5. The UK Government recognises this in announcing its intention to make TCFD-aligned disclosures mandatory across the economy by 2025, with a significant portion of mandatory requirements in place by 2023.
  6. But importantly, the TCFD’s recommendations are not a corporate standard. So they will not drive the consistency and comparability of reporting that the markets – and institutional investors along the investment chain – need to make informed decisions. Implementation of the TCFD’s recommendations should therefore be seen as an important milestone on the pathway towards international corporate reporting standards on climate change and wider sustainability related matters, that is under development by the IFRS Foundation.

International investment and standards

  1. Pension schemes are internationally diversified, with overseas investment being a key element of the investment strategy, especially in relation to equities[61].
  2. A 2021 study by the Pensions Policy Institute (PPI)[62] found that among DC schemes, international allocations have grown, and are likely to continue to do so as these schemes increase in assets. This is significant as the availability of reliable climate-related data varies significantly between jurisdictions, and progress toward global reporting standards is important to address this gap.
  3. This is undoubtedly a challenge for ever more diversified DC schemes, however it is by no means an insurmountable barrier to climate risk assessments being carried out. The PPI highlight in the same report that even with the development of global reporting standards, it is likely that reporting practices will continue to vary to some extent for the foreseeable future. Schemes therefore cannot afford to delay assessing their climate risk in anticipation of international disclosure reforms, which although important and necessary, will not eradicate jurisdictional discrepancies entirely.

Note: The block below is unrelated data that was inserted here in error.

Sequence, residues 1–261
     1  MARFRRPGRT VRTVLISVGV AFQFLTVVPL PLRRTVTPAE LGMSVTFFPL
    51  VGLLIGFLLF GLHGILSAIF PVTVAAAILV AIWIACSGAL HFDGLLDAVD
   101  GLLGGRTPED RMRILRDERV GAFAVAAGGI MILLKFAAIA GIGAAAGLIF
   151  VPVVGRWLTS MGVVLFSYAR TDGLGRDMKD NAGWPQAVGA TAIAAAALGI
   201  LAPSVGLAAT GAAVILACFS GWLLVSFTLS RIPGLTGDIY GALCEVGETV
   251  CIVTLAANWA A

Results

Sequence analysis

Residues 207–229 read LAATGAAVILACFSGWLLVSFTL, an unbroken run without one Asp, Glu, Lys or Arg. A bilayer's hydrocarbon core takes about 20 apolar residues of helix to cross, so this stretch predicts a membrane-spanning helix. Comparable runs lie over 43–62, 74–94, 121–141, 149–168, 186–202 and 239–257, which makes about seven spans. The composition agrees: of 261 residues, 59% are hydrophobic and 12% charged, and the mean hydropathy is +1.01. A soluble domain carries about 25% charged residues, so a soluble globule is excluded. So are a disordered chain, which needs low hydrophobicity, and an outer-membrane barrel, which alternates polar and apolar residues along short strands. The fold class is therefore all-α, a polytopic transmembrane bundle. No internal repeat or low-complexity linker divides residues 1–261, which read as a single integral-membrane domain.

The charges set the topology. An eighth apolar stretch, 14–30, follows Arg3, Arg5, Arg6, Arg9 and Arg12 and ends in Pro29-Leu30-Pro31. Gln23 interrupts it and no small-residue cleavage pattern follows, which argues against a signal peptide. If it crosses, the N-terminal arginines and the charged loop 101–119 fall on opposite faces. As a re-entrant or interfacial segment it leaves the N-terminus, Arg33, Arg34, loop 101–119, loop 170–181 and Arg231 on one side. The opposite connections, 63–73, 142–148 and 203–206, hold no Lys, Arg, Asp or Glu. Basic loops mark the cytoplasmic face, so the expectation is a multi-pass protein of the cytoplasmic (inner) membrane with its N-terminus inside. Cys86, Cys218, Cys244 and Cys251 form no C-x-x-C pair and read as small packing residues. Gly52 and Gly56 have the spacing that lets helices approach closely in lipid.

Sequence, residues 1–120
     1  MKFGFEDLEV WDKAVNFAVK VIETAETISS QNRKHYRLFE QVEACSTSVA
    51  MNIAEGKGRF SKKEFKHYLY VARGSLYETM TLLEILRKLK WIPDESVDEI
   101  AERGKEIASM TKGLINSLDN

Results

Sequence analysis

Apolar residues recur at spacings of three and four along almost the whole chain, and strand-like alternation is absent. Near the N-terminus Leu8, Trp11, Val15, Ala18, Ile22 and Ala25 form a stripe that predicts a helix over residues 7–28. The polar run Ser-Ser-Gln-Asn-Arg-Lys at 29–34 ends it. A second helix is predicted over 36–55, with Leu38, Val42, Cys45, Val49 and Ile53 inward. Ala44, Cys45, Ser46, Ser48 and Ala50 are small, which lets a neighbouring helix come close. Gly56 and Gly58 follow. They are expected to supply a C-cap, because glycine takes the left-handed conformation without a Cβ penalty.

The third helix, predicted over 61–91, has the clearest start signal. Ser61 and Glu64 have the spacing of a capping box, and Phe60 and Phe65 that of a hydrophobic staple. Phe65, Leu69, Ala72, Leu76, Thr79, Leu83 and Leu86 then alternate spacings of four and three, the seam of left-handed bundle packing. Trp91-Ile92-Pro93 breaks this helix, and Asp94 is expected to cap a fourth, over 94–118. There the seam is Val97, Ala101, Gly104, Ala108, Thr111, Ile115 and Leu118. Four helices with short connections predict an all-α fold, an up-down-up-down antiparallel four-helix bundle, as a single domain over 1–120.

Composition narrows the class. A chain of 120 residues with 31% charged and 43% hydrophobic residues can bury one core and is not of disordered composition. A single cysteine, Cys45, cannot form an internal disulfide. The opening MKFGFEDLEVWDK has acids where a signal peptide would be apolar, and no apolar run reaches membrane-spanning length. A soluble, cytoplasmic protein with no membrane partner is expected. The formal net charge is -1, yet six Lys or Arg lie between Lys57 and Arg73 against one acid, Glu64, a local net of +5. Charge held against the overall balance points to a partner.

4. Recognising that individual jurisdictions are at different stages in their sustainability journeys, and have different public policy objectives, fully internationally aligned reporting standards will be difficult to achieve. To accommodate such differences, the International Organization of Securities Commissions (IOSCO) has promoted a ‘building blocks’ approach, whereby a common global baseline of standards can be complemented by jurisdiction-specific requirements as necessary.  The TCFD and more recently the Trustees of the International Financial Reporting Standards (IFRS) Foundation have already created a global consensus that better climate data is needed, and work is well underway to agree a global baseline of standards for sustainability disclosures.
  5. This is a hugely significant development for UK pension schemes with global investments, especially taking into account the ‘climate-first’ and ‘investor focus’ of the prospective board’s scope, which aligns well with the DWP’s draft Regulations and the TCFD’s recommended reporting requirements.
  6. The International Sustainability Standards Board (ISSB) offers the prospect for greater standardisation of reporting in the near future as well as providing a standard from which an audit and assurance framework can be developed to further support the reliability of issuers’ disclosures. In the meantime, there is broad agreement across the industry that trustees can and should still assess their exposure to climate risk based on the current data available. They should continue to demand better data coverage, through engagement with asset managers and investee firms, but waiting for further standardisation to emerge is not a credible reason for delay.


June 2021



[1]  The draft Occupational Pension Schemes (Climate Change Governance and Reporting) Regulations 2021 - https://www.legislation.gov.uk/ukdsi/2021/9780348224382/data.pdf.

[2] There is also a statutory duty on many schemes for pension scheme assets to be invested in the best interests of members and beneficiaries. See the Occupational Pension Schemes (Investment) Regulations 2005 (S.I. 2005/3378), regulation 4(2)(a).

[3] Law Commission, Fiduciary Duties of Investment Intermediaries (LC350) – July 2014 – https://www.lawcom.gov.uk/project/fiduciary-duties-of-investment-intermediaries/

[4] Climate change affects the financial system through two main channels: physical risks and transition risks. DWP’s August 2020 consultation explains these risks in more detail. https://www.gov.uk/government/consultations/taking-action-on-climate-risk-improving-governance-and-reporting-by-occupational-pension-schemes/chapter-1-background-and-summary-of-proposals, see “Figure 1” and paragraphs 7-8.

[5] See the amendments made to regulation 29A of the Occupational and Personal Pension Schemes (Disclosure of Information) Regulations 2013 (S.I. 2013/2734) by regulation 5 of the Pension Protection Fund (Pensionable Service) and Occupational Pension Schemes (Investment and Disclosure) (Amendment and Modification) Regulations 2018 – (S.I. 2018/988) and by regulation 3 of the Occupational Pension Schemes (Investment and Disclosure) (Amendment) Regulations 2019 (S.I. 2019/982).